A Few of Jean Thompson’s Favorite Things

Jean Thompson’s last short story collection, Who Do You Love, was nominated for the National Book Award, so readers are understandably excited at the news of a new collection with a dozen of her latest stories, the trade paperback original Throw Like a Girl. I asked Thompson to talk about her own favorite short story, but she didn’t want to pin it down to just one!

jean-thompson.jpgThere are some story writers to whom I’ve granted Hall of Fame status, that is, their place in my list of favorites is so automatic and assured, I exempt them from any further competition. So Chekhov, Flannery O’Connor, and Raymond Carver aren’t listed below. But you should go read them. All of them.

Here’s a handful of stories that I love, in no particular order. Perhaps unsurprisingly, many of them address the art of writing itself.

1. Alice Munro, “Meneseteung”: This is another author who might well be placed in my Hall of Fame, but I can’t resist including this great story, which explores the act of imagining, as well as the dark side of writing. When Munro’s 19th-century poetess seeks to contain all of creation in a single poem, the result is madness. And although we are reminded at every turn that this is a story, an invention, the effect is heartbreaking.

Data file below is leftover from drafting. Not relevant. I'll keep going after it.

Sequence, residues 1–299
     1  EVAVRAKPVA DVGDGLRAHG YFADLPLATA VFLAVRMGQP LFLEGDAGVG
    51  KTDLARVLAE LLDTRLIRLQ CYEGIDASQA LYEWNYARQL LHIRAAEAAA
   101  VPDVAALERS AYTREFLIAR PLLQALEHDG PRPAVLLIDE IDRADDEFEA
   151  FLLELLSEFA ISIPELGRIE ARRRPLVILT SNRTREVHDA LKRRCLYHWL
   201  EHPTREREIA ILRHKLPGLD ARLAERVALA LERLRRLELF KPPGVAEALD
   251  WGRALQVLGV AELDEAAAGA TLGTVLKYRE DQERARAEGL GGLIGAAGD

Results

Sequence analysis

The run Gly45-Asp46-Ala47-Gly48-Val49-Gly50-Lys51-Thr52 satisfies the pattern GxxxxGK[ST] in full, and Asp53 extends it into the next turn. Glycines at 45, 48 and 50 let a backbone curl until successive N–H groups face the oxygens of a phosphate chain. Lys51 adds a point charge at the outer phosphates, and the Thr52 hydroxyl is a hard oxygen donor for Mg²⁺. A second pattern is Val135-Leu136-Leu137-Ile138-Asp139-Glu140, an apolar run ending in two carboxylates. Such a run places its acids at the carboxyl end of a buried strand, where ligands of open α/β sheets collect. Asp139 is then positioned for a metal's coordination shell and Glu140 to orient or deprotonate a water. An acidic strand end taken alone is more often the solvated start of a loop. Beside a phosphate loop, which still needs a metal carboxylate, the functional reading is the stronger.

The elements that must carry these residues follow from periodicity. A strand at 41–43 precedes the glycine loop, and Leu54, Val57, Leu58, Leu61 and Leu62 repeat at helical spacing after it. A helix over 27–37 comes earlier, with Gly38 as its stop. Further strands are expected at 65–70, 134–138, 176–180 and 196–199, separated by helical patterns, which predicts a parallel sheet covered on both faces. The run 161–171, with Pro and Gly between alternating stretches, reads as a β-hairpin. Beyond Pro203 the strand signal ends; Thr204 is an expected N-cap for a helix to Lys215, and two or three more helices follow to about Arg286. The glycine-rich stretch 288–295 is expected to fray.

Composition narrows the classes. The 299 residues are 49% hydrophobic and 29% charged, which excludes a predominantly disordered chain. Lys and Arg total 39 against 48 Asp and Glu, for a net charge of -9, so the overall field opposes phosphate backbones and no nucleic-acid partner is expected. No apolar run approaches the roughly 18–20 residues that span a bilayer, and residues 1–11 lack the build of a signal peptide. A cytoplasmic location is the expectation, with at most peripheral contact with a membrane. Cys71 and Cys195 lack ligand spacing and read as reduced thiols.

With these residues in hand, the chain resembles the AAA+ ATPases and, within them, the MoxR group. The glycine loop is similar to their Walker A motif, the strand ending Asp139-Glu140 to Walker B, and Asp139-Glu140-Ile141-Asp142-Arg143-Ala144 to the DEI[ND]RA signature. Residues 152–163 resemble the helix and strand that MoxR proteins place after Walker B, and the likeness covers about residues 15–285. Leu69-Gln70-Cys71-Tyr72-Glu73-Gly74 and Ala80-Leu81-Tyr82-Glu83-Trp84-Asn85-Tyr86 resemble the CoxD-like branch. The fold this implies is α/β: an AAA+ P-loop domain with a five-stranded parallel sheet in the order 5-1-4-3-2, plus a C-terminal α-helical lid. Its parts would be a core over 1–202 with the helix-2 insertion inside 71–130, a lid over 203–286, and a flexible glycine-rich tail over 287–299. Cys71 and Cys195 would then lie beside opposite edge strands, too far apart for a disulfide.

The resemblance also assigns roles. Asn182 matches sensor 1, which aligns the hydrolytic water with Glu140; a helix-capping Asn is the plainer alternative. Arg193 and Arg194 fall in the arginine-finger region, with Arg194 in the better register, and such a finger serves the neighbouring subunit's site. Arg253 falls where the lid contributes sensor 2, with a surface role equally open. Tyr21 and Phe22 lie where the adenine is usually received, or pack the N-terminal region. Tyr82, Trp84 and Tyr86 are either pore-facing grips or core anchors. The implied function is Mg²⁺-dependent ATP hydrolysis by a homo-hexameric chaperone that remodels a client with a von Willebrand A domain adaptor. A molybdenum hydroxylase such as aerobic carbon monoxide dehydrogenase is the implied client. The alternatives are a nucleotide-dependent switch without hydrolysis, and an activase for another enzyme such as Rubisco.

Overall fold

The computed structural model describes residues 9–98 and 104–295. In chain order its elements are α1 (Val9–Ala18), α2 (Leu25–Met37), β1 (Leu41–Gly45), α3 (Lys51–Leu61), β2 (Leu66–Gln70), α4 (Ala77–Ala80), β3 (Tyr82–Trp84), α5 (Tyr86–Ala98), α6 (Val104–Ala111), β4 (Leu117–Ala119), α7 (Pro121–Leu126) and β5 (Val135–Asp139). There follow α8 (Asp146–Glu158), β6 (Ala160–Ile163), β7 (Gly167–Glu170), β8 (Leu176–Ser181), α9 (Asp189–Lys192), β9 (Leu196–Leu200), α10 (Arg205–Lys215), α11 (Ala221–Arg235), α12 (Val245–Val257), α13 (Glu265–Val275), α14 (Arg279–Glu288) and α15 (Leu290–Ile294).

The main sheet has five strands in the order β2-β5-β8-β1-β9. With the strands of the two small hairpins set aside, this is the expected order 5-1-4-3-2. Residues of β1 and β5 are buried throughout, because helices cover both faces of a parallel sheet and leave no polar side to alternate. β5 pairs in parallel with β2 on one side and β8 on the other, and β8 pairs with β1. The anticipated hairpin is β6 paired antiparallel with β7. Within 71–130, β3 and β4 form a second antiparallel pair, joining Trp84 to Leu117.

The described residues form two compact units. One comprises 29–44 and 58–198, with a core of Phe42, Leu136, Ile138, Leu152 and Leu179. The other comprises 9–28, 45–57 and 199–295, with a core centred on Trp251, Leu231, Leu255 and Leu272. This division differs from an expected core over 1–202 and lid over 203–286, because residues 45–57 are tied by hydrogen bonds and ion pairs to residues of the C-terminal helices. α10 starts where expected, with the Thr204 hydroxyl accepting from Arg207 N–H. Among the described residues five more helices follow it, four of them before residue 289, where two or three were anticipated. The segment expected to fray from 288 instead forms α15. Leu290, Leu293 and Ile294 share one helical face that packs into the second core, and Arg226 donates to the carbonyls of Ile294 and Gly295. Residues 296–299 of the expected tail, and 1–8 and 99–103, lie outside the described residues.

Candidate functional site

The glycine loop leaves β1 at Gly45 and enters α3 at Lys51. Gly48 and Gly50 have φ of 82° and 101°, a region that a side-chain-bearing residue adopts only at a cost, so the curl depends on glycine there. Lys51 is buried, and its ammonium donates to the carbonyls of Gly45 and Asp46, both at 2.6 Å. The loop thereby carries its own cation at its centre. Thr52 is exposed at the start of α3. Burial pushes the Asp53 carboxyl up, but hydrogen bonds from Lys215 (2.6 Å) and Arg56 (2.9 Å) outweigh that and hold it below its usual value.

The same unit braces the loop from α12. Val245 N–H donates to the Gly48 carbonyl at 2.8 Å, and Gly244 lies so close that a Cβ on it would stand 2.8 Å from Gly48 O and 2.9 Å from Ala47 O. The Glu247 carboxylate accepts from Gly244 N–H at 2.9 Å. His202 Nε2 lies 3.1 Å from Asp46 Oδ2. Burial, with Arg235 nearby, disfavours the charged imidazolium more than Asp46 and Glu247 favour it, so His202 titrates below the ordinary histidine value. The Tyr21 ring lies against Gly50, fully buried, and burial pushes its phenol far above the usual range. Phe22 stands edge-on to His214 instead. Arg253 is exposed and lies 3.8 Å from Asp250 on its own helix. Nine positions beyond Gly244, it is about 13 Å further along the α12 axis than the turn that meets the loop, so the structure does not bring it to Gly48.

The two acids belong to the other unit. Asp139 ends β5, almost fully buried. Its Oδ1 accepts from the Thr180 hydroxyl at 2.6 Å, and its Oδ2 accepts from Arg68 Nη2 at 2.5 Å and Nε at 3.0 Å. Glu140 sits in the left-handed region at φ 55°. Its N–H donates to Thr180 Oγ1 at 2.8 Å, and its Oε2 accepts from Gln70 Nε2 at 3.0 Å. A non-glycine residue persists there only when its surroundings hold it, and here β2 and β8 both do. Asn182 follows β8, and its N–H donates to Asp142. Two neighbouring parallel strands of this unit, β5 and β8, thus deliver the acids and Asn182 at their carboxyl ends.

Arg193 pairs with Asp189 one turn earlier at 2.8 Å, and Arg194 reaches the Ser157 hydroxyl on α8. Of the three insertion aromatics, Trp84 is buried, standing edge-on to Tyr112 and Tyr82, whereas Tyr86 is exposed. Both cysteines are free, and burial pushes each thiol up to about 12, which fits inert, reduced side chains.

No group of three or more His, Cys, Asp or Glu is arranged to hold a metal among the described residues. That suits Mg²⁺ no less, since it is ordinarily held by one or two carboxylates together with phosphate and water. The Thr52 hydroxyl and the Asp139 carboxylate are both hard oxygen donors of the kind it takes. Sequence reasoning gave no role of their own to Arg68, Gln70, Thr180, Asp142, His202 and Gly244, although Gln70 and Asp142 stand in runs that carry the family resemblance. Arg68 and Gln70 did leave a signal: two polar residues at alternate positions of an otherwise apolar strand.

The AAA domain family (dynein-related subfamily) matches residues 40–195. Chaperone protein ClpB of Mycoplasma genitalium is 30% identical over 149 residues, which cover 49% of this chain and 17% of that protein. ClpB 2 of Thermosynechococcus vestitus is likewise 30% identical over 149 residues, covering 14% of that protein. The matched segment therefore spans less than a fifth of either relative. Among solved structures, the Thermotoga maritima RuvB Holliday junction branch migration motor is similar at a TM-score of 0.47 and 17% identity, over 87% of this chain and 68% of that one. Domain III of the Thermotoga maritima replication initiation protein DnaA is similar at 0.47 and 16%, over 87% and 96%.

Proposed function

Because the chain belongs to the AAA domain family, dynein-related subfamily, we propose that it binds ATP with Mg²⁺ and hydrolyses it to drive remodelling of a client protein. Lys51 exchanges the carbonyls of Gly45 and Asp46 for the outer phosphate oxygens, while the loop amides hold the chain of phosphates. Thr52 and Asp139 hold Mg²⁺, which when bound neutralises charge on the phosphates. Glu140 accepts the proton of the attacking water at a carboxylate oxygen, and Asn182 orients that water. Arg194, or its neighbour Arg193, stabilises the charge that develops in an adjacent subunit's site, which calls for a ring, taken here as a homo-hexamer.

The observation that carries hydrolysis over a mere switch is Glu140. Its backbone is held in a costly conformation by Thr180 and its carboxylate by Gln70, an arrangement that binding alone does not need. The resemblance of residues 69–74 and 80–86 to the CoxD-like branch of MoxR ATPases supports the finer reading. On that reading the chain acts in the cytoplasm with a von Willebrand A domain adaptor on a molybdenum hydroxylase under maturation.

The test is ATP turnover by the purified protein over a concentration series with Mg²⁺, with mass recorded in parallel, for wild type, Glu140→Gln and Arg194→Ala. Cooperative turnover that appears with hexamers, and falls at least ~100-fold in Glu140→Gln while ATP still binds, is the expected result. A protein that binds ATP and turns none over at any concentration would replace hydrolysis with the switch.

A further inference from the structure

2. Peter Taylor, “The Old Forest”: Taylor’s detailed evocation of 1937 Memphis might seem quaint to us, until we realize that our own time and place can be analyzed in just such a way, with an eye towards its mores and its written and unwritten codes. Somehow, a single moment in this long, carefully wrought story manages to put all of civilization at risk. Either life will continue as it always has for the narrator and his world, or else the looming chaos (and freedom) of the old forest will prevail.

3. E.L. Doctorow, “The Writer In The Family”: Somewhere out there is a group of my former students who remember the day that the teacher cried. I tried to read this one aloud to them. Big mistake. This ending will ambush and break your heart.

4. Gilbert Sorrentino, “The Moon In Its Flight”: The writer as detached artist, as contriver of characters and events, as self-conscious narrator—a pose that is continually at risk of being overwhelmed by the emotions of lost love.

5. Joyce Carol Oates, “Three Girls”: I love this beautiful, memoir-like story (with a nod to another Oates favorite, the classic “Where Are You Going, Where Have You Been”). Clear-eyed, wise, tender, a look back at young lives (including that of Marilyn Monroe), with the heavy foreknowledge of the future held, for just a moment, at bay.

5 July 2007 | selling shorts |